The Leap

“Leap and the net will appear.”
John Burroughs

Philip’s phone line is still active. For $10 a month we get to call his phone and hear his voicemail voice. The automated  lady announces him, so all he says is his name, “Phil Smyth.” It doesn’t even sound like him. He’d started calling himself “Phil.” But he will ever be Philip to me.

His mailbox is full. I called Verizon once. “My son has died,” I cried. “I want to hear his messages.” The woman was kind. You need his phone, she told me. Call back when you have it and we’ll change the password so you can get into his phone and retrieve his messages.

I talked to Phil about it. He thought I was nuts, was reluctant to give me the phone, I didn’t push it. But now I want it. I want to do this. I want to read his texts, I want to hear what messages people left him. I don’t care if it tears me apart. These last months I’ve been so removed, so out of touch with what I feel about Philip that I’d like to be ripped open. I’d like to see if there’s something more to me than this surface life I feel I’m living.

I’ve talked about grief being a spiral, not a straight line where you start to get “better” and continue along. Grief expands and contracts, triggered by memory, triggered by love. And I’ve spiraled to the outer edges, to a place where I no longer try to make sense of Philip’s death or my life. I’m not stepping back, I make things too real, get too caught up. I am not steady. Tune into me and I’m comforted. Say something contrary and I make myself small as I can. Less of a moving target, less of me to feel pain.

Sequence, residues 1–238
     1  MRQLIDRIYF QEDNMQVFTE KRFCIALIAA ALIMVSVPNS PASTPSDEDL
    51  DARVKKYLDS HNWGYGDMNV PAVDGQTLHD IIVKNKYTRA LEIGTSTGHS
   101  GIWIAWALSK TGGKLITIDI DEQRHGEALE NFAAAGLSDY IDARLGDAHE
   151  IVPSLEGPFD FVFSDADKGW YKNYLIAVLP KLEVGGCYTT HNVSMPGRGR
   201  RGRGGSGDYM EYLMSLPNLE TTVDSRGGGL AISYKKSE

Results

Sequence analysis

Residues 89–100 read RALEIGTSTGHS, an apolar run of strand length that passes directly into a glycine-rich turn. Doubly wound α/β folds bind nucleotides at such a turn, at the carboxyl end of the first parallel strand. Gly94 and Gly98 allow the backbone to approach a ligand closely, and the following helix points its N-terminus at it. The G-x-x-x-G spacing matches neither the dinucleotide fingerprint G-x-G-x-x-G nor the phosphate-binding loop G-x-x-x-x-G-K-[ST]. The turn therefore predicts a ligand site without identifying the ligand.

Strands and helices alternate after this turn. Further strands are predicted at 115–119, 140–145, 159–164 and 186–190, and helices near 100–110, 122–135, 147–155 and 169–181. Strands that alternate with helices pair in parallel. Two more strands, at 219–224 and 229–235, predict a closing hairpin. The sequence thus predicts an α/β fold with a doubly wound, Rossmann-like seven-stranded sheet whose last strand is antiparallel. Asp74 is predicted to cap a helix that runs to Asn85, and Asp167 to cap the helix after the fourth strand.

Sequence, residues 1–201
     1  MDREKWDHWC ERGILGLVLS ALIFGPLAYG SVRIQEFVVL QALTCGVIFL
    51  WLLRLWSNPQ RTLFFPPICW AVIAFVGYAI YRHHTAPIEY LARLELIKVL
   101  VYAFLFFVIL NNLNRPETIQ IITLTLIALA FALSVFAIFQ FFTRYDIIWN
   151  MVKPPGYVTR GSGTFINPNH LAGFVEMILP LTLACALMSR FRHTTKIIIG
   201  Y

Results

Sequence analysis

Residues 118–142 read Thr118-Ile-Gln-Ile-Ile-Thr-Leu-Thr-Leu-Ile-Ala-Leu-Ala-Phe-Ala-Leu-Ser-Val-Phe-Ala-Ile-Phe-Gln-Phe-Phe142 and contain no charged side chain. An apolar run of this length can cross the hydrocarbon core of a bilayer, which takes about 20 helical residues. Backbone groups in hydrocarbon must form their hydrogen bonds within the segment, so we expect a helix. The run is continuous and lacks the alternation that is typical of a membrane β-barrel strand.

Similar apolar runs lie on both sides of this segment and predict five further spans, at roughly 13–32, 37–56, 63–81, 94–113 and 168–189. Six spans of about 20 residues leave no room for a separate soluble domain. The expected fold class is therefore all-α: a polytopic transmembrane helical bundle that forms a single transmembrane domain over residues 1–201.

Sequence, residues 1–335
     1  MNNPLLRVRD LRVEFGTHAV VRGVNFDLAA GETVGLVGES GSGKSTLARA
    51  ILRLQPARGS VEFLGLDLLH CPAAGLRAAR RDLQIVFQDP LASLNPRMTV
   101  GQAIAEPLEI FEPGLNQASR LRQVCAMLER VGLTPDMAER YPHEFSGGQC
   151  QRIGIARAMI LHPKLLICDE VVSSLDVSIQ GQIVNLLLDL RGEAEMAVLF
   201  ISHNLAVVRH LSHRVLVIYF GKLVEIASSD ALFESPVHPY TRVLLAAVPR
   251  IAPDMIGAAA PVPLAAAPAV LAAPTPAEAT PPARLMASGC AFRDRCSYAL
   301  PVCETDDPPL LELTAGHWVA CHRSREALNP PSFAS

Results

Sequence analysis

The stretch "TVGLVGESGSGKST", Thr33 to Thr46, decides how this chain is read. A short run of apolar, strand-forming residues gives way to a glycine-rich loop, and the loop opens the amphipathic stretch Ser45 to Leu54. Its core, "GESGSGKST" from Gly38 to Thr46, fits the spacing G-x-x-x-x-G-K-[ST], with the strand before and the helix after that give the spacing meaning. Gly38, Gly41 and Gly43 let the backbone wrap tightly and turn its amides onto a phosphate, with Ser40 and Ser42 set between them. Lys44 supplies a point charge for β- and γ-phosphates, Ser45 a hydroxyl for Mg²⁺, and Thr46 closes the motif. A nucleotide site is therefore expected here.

I don’t write much because I have nothing to say. At least, that’s what I feel like. What am I to talk about? Can I keep telling you about Philip? I make no sense of his death now. I cry, I’m angry, I’m disconnected. Disconnected is the worst. I’d rather weep until my eyeballs fall out than be disconnected. Didn’t I say I wanted to make meaning, that what anything  meant was up to me? Didn’t I write reams about “Accept it, Leave it, Change it?” Wasn’t I in touch with the grace that is the other side of death? At least for a moment? Didn’t I believe?

I am a mother whose son has died. Every day I feel that. I don’t think about it in any useful way. I feel about it, feelings that shift with the wind. Diminished. Resigned. Angry. Bitter. Despair. Helpless. Disconnected. Then I look at his portrait for a while and know how deeply I love him and I weep.

I start a new job tomorrow. During the interview I told them Philip died. I don’t know why I said it – what did that have to do with the job? It didn’t. It had to do with me. That he died is an essential fact of my life and if I’m going to spend time with people, they have to know. That’s why I told them.